Wednesday, July 18, 2007

Agile Crazile

Blasphemy! You would say.It might be, especially when the whole software world treats agile methodologies as a panacea to all its problems. I have to admit that I've been in a perpetual state of skepticism about the benefits of agility and the fact of the matter is that I haven't found any valid reason to move out of my comfort zone of skepticism.

I think it tries hard to solve the problem of showing the ROI faster to the client but in the process ends up creating an even  bigger problem -- Chaos. Chaos has ensued in almost all the engagements that we have executed using agile methodology. Some of it definitely comes from our lack of understanding of the agile practices but most of it comes from the way the methodology evangelizes the projects to be executed. IMHO, agility has got benefits but it hasn't matured yet(again, could either be lack of our understanding or dearth of good case studies). Most of the material out there has been written by very gifted writers which ends up seducing everybody to espouse it but I think most of it is bit pedantic and lacks pragmatism. Furthermore, almost all of it has been written by comparing it with the wooly mammoth of Waterfall -- Waterfall is bad thus Agile is good, hence proved. Whoa!

What leads to this chaos? The culprit, more or less, in all the engagements has been the flux in requirements and the monstrosity involved in managing frequent iterations. I believe the whole notion of succinct user story is somewhat misleading. It doesn't give good enough idea to think about the design holistically and provide enough opportunity to put hooks in place so that the system can evolve over a period of time. Think of products like Operating Systems, Office based applications, your favorite IDE,, eBay, iTunes etc. -- do you really honestly believe that the engineers of these systems would have just gotten user stories, planned them in iterations, did few design spikes, few whiteboard sessions, created "just enough" documentation, planned enough for the first few months and starting churning out code without putting emphasis on rock solid design and what the future holds. Well, I don't think so.

I don't think one can adopt the agile philosophy to create systems which target millions of users. I believe all the lofty notions of brief user stories, design evolution and "design is code" can be put on a decorative mantle in these cases. While constructing such systems, wouldn't you want to detail out the vision of the system? Wouldn't you want to create detailed use cases from the perspectives of all the users? Wouldn't you want to take your time to design? Wouldn't you want to get submerged in creating comprehensive documentation to convey the thought process to the army of developers rather than doing the "just enough" documentation which can lead to ambiguity? I think the cost of refactoring the design and code and deploying them again is astronomical in this context thus it's better to follow a thorough approach rather than an agile one.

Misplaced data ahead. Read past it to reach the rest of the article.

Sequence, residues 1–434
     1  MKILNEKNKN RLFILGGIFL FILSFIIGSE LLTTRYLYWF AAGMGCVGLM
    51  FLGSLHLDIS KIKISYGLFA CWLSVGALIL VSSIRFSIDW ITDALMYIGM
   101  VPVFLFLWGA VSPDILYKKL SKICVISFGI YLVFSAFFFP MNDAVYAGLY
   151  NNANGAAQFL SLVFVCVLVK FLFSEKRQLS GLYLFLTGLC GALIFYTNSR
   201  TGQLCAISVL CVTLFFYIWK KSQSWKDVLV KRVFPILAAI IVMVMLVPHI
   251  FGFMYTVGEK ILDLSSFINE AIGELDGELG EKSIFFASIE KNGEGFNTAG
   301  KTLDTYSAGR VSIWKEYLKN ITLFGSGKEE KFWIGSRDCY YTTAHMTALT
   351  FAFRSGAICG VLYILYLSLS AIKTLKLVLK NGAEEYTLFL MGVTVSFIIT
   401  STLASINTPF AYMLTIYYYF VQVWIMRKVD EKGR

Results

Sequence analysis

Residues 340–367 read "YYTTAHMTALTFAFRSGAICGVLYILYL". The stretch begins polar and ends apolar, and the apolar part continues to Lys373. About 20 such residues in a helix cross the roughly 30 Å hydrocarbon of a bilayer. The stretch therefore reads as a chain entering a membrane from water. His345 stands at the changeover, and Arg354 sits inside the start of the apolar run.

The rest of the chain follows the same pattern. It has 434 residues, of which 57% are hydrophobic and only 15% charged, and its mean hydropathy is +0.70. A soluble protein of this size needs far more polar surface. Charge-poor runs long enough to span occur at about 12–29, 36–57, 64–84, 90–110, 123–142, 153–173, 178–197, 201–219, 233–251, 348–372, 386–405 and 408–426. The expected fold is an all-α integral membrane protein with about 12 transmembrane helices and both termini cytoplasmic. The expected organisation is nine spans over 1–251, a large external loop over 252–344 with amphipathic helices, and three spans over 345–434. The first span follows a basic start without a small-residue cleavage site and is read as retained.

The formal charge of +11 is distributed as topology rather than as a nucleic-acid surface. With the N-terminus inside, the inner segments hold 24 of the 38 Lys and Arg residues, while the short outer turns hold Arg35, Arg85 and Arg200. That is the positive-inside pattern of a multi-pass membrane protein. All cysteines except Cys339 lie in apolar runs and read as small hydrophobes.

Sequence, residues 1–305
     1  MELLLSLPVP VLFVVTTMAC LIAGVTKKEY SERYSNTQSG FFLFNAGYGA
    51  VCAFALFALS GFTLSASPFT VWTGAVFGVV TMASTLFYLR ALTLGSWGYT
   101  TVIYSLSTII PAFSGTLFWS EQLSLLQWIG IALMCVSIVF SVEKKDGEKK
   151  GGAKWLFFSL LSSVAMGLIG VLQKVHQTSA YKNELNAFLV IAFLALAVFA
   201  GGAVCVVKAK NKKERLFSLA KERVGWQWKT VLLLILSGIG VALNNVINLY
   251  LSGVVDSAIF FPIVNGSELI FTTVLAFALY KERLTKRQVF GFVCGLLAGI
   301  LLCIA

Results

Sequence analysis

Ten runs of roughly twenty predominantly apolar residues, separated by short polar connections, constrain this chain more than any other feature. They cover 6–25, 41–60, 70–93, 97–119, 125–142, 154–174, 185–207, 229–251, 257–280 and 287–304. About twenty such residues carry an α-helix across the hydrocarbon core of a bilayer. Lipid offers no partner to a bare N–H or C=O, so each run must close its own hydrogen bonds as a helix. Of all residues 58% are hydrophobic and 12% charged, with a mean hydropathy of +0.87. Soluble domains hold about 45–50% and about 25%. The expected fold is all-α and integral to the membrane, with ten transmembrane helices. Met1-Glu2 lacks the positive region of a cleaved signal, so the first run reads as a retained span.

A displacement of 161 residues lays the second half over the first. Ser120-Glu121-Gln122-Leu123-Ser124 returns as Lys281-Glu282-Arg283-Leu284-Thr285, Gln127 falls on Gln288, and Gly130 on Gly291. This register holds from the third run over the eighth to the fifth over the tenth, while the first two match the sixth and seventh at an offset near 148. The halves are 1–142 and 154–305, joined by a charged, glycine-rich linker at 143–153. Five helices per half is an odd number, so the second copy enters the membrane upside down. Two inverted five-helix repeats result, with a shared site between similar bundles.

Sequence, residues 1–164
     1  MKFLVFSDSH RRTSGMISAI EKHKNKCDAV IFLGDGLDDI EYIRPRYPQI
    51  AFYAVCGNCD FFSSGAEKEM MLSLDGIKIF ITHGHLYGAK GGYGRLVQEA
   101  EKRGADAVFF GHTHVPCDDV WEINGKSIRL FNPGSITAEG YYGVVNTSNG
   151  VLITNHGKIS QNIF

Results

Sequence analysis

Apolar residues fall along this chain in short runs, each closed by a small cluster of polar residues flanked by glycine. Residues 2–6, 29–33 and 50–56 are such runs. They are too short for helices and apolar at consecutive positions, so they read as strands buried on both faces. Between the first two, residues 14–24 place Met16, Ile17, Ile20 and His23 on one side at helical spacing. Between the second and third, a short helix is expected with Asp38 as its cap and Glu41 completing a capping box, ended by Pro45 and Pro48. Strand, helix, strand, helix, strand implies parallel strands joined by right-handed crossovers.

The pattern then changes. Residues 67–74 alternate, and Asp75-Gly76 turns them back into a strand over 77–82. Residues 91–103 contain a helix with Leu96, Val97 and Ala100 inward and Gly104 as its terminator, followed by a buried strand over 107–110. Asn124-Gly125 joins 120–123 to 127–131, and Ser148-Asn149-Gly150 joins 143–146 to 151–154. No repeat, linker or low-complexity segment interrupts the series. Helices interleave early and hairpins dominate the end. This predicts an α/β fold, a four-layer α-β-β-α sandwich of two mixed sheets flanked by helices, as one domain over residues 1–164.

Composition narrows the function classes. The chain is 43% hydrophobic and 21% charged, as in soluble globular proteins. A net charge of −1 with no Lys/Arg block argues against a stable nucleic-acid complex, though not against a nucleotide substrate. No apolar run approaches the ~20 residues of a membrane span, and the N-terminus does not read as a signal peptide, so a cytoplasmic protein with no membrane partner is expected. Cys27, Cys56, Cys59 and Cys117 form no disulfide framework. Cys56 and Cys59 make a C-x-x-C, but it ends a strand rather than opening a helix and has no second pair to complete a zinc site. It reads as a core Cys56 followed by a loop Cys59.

The other thing which contributes to the crazility is frequent releases. Somehow, the development team always gets bogged down by fixing the critical bugs from the previous iteration's feedback loop. One would think that the choice comes down to working on new set of requirements or bugs from the previous cycle but that generally isn't the case. Why? The thing is the development team has to roll out the agreed upon user stories and the customer also expects the team to fix the bugs thus the team dynamics goes out for a spin. It seems to me they get tied in a vicious cycle where they are always constantly refactoring the design and code to accommodate the new set of changes. It is like a dog chasing its tail.

The problem worsens when one doesn't have strong program management in place which can't push back and educate the customer about its fallout on the team dynamics. Ultimately the developer team has to work longer hours at work. This defeats one of the core objectives of agile which mandate the developers work only 40 hours week in regular iteration followed by a sprint towards the roll out of the product.

Don't get me wrong, I absolutely love the idea of frequent iterations as it provides real value to the customers as they get to be part of the growth of their software but detest it for its repercussions on team dynamics. I love it as it gives the customer an opportunity to provide early feedback to the team but abhor how the development team has to work long hours to incorporate that feedback. I think the core of both the above problems is that agile methodology believes there would be enough time to build the software the right way but the fact of the matter is that software is always conceived by a strong time bound market need and, the software would gather dust if it was to miss that timeline. In my experience, I've not once seen a piece of software being constructed without a time bound market need.

I believe most of the agile practices are best suited for a very ideal software construction setting where the developer works in tandem with the customer and both of them somehow magically agree on all timelines and what features have to be constructed. I think that kind of framework would let developers easily manage the flux in requirements and incorporate the changes from the feedback loop without any added pressure.